The Illinois Supreme Court last month gave pro-life pharmacists a victory when it determined that they can proceed with their lawsuit seeking to overturn a mandate Gov. Rod Blagojevich put in place. The governor's order makes them fill all prescriptions, including those for the morning after pill. The pharmacists objected to being forced to fill orders for the drug on both moral and religious grounds and because the Plan B drug can sometimes cause an abortion. The state's high court said the religious objections of pro-life health professionals must be considered by the Illinois courts and sent the case back to the trial court.
(I found this story via the ever-useful iFeminists.net news service.)

By any rational definition, pregnancy begins with the implantation of the fertilized egg in the uterine wall, not fertilization. That's because the significant biological changes to the woman associated with pregnancy begin with implantation, not fertilization. Moreover, starting pregnancy at fertilization would have bizarre implications. For example, a woman undergoing IVF would be pregnant while her fertilized egg remained in the lab, before it was ever implanted in her womb. So pregnancy does begin at implantation, and any method of preventing that implantation is rightly regarded as birth control, not abortion.

Nonetheless, in a free society, pharmacists should have the right to refuse to fill prescriptions that violate their moral principles -- whether those principles are right or wrong. They should not be required by law to become the slave of anyone with a script. Correspondingly, pharmacies should not be held in thrall to the whims of their pharmacists: they should have the absolute right to fire a pharmacist who refuses to fill a prescription.

Tom Bowden of the Ayn Rand Institute offers a similar view in commenting on the Bush administration's attempt to shield anti-abortion and anti-contraceptive doctors from being fired for refusing to deliver such services this past summer. He writes:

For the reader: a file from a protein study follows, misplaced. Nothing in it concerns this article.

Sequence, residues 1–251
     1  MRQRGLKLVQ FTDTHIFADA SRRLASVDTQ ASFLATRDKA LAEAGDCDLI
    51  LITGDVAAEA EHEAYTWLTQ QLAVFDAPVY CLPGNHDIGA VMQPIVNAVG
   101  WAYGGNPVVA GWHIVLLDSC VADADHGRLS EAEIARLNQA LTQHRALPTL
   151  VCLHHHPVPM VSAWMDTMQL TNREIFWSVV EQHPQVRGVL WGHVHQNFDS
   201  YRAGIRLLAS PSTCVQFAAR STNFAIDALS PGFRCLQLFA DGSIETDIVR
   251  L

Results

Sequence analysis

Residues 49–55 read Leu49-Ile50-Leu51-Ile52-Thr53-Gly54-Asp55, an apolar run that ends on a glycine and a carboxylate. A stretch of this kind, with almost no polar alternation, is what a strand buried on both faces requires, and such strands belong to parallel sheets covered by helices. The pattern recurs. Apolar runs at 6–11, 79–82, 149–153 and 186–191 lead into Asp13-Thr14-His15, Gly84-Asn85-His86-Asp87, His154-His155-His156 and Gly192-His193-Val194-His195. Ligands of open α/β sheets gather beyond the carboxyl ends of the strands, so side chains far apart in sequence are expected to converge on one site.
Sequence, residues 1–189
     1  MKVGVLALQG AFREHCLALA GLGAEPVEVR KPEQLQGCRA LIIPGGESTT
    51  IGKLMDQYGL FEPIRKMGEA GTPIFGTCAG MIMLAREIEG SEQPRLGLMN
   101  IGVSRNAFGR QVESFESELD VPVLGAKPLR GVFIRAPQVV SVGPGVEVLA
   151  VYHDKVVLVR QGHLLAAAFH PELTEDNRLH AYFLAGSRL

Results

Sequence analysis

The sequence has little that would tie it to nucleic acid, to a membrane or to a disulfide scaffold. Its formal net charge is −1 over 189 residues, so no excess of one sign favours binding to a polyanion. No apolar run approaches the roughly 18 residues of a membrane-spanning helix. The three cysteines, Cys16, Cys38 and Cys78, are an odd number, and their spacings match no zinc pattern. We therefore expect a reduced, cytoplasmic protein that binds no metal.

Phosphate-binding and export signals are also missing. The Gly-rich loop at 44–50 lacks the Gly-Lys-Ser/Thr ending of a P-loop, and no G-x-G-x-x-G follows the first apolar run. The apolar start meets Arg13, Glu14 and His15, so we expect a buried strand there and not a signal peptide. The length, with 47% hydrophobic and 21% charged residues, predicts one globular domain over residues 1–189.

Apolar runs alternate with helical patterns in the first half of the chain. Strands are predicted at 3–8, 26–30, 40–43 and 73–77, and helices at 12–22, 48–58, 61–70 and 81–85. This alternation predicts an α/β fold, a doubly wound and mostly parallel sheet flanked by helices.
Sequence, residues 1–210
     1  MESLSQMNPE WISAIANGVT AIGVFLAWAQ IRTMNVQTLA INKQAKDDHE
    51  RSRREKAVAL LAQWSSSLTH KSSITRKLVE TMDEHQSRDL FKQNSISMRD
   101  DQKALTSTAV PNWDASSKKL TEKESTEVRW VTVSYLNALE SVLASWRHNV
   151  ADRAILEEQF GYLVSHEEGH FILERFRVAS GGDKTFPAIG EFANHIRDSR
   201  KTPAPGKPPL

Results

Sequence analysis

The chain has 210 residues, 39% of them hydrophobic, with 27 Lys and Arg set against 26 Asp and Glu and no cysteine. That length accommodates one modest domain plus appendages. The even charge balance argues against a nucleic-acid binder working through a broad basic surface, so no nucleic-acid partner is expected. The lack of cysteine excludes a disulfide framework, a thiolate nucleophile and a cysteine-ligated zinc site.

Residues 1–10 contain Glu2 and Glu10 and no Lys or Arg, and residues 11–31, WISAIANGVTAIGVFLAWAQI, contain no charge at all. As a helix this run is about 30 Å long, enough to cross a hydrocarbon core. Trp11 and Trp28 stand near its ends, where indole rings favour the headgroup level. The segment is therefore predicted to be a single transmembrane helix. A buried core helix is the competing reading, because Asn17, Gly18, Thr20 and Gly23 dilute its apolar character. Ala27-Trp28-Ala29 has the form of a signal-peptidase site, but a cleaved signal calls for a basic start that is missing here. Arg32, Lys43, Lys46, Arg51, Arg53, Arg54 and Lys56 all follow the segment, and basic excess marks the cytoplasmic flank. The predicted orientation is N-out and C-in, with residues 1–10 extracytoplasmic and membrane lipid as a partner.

This is the kind of political infighting that's inevitable when doctors, hospitals, and patients are denied freedom of contract. Such moral questions have no place in the political arena. Instead, the law should recognize each individual's right to deal, or refuse to deal, with others on a voluntary basis.

For example, a doctor has the right to refuse an employment offer from a Catholic hospital that forbids contraceptives and abortions. But if he takes the job, he has no right to force the hospital to abandon its religious taboos and allow him to perform abortions. Likewise, a hospital has the right to hire only those doctors willing to prescribe contraception and provide abortions. If one of those doctors refuses to perform such services on moral grounds, he must take the contractual consequences.

Patients have the same rights as doctors and hospitals to set their own terms of trade. A pregnant woman contemplating abortion has the right to seek treatment at a hospital whose doctors are unencumbered by religious superstitions about ensoulment at conception. But if that hospital denies her admission, she has no right to demand that the Catholic hospital down the street abort her fetus.

The correct path out of the 'conscience controversy' over abortions and contraceptives is not to adopt new regulations creating 'provider conscience rights.' The solution is for government to recognize and protect the individual rights of all participants in the health-care system. Doctors, hospitals, and patients should be allowed to deal with each other by voluntary agreement, with government's only role to enforce contracts and prevent fraud.
You can find more on that particular federal-level controversy in this PWG post.

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02 January 2009

Best of 2008

By Diana Hsieh

In the spirit of reflection engendered by the transition to a new year, I decided to select a few of my favorite posts to Politics without God to form a kind of "year-in-review" post. However, my plans went somewhat awry when I found far too many great posts in the archive. I haven't been able to pare them down, so I hope that you enjoy reviewing them as much as I did!

I'd like to thank my co-bloggers -- Ari Armstrong, Gina Liggett, and Paul Hsieh -- for their excellent contributions to this blog.

July 2008

August 2008
September 2008
October 2008
November 2008
December 2008
Also, thank you to everyone who contributed something interesting, useful, or funny to the comments! Happy New Year!